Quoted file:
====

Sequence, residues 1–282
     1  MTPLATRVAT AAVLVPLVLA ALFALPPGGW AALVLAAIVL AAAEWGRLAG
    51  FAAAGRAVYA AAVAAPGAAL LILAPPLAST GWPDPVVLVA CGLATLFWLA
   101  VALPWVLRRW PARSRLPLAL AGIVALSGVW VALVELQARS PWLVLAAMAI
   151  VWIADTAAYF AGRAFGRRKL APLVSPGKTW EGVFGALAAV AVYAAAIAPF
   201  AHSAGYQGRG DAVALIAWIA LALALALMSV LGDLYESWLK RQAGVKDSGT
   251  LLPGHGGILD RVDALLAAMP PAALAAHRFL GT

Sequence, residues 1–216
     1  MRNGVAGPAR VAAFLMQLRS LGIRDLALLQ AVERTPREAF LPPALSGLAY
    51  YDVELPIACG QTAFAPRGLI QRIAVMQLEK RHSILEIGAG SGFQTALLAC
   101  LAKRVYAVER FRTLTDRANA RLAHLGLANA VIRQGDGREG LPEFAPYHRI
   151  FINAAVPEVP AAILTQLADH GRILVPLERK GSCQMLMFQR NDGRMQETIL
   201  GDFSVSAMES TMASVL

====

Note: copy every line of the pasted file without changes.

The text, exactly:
Sequence, residues 1–282
     1  MTPLATRVAT AAVLVPLVLA ALFALPPGGW AALVLAAIVL AAAEWGRLAG
    51  FAAAGRAVYA AAVAAPGAAL LILAPPLAST GWPDPVVLVA CGLATLFWLA
   101  VALPWVLRRW PARSRLPLAL AGIVALSGVW VALVELQARS PWLVLAAMAI
   151  VWIADTAAYF AGRAFGRRKL APLVSPGKTW EGVFGALAAV AVYAAAIAPF
   201  AHSAGYQGRG DAVALIAWIA LALALALMSV LGDLYESWLK RQAGVKDSGT
   251  LLPGHGGILD RVDALLAAMP PAALAAHRFL GT

Sequence, residues 1–216
     1  MRNGVAGPAR VAAFLMQLRS LGIRDLALLQ AVERTPREAF LPPALSGLAY
    51  YDVELPIACG QTAFAPRGLI QRIAVMQLEK RHSILEIGAG SGFQTALLAC
   101  LAKRVYAVER FRTLTDRANA RLAHLGLANA VIRQGDGREG LPEFAPYHRI
   151  FINAAVPEVP AAILTQLADH GRILVPLERK GSCQMLMFQR NDGRMQETIL
   201  GDFSVSAMES TMASVL